Dome cars have their earliest beginnings dating back to the late 19th century. However, these early designs were not successful and it was not until the streamliner era that the car truly came of age. In the mid-1940s Cyrus Osborn, vice president and general manager of General Motors' Electro-Motive Division conceived what he dubbed a Vista Dome car built from a Budd Company coach, which featured a second-floor solarium for an unprecedented 360 degree view of the surrounding landscape. By the 1950s dome cars were all of the rage and almost all named trains across the country carried some type or design of them.
Vista-Domes became a trademark on passenger trains of the Chicago, Burlington & Quincy and particularly the California Zephyr, which used dome cars almost exclusively so that passengers could be afforded maximum views of their trip through the Rockies and Feather River Canyon. During the CZ’s “Golden Years” between 1949 and 1970 each train was equipped with no less than five of these cars, very uncommon for even the most popular trains of the day. For even better sightseeing these Vista-Domes were setup in everything from diners to sleepers. What’s more,the train’s timetable was arranged in such a way that it always traveled through the most scenic parts of the trip (west through Colorado) during the day so passengers didn’t miss a thing at night or while sleeping.
Dome cars were mostly featured on passenger trains of the western railroads due not only to the wide open vistas afforded but also because height restrictions were not such an issue as they were back east, making dome cars in general rather rare although railroads like the Baltimore & Ohio made use of them the best the could by reducing the height of the domes (the B&O's version was dubbed the Strata-Dome and the first such car to operate in the east debuting in 1949). Perhaps the most unique twist on a type of dome car was the Seaboard Air Line's Sun Lounge equipped on its very popular Silver Meteor passenger train. Built in conjunction with Pullman-Standard the car was not actually a dome but featured a glass roof as dome cars could not navigate through the tunnels along the Potomac River (the train operated as far north as New York City in conjunction with the Pennsylvania Railroad).
In the west virtually every major railroad had its own version of a dome. The Union Pacific operated Domeliners (in which they featured dining services among other things), the Milwaukee Road and Santa Fe Super Domes (the Santa Fe also operated Pleasure Dome lounges and the popular Hi-Level cars on its El Capitan with second floor glass ceilings), the Great Northern Great Domes, and the Northern Pacific's aforementioned Vista-Domes (several eastern and western railroads operated the Budd Company's Vistas).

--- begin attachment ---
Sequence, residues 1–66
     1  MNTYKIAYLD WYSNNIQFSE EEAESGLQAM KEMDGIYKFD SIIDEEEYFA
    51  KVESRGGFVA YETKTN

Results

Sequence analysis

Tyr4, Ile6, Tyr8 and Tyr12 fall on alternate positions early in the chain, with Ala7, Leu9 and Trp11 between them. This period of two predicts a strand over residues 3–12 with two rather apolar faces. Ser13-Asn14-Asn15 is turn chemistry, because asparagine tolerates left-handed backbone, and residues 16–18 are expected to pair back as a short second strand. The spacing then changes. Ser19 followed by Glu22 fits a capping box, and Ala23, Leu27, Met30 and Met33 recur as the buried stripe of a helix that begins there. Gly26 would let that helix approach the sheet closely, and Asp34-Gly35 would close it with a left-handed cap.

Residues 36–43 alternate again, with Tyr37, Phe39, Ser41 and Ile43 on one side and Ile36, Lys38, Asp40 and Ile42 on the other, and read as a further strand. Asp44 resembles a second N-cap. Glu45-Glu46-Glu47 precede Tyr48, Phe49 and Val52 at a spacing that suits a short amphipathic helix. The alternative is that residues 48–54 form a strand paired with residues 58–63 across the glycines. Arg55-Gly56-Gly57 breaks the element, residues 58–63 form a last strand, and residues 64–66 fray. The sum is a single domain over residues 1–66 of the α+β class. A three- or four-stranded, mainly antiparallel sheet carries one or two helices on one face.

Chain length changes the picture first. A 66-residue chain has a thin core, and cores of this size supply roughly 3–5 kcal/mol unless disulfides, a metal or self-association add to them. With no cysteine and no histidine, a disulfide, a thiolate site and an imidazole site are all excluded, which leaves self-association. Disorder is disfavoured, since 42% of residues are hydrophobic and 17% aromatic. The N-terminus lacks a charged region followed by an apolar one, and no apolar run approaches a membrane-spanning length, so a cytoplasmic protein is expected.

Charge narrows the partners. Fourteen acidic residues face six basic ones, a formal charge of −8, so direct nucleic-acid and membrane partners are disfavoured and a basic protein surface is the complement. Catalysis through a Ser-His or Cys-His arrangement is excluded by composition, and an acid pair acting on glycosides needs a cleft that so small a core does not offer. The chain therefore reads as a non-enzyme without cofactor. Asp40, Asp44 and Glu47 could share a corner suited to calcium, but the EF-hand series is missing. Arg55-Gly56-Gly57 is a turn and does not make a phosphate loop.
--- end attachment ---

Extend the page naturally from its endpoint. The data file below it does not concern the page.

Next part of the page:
With passenger rail travel waning in the 1960s railroads began to cut back on the service where and when they could. As a result, save for a railroad's most prominent passenger train(s), most runs that operated dome cars lost the service to curb operating expenses. Until the end, however, when Amtrak took over intercity passenger rail operations in the spring of 1971 some railroads remained determined to provide top quality service on their trains such as the Rio Grande's then Rio Grande Zephyr, the Santa Fe's Super Chief, and then Burlington Northern's Empire Builder (which used a combination of former NP and GN equipment).
Today, Amtrak has long abandoned the traditional dome cars and replaced them with more utilitarian Superliners, which afford more seating for the same experience. Outside of the occasional excursions offering original dome car service of special note is the new Pullman services provided by Pullman Rail Journeys, which brings back the classic, bygone era of passenger rail travel in 2013. Despite being expensive the company spared no expense in once again offering the traveling public a chance to experience a journey over the rails just like it was before Amtrak.
For more reading about dome cars the book American Passenger Train Equipment: 1940s-1980s by author Patrick Dorin provides a very nice general history of classic car types used in service (predominantly during the streamlined era) featuring many drawings and detailed information on several. Also, the book The Cars of Pullman from author Joe Welsh, Bill Howes, and Kevin Holland. As the title implies the book details and highlights the various types of cars Pullman built throughout the years, along with giving a general history of the company in the process.
Passenger Train Cars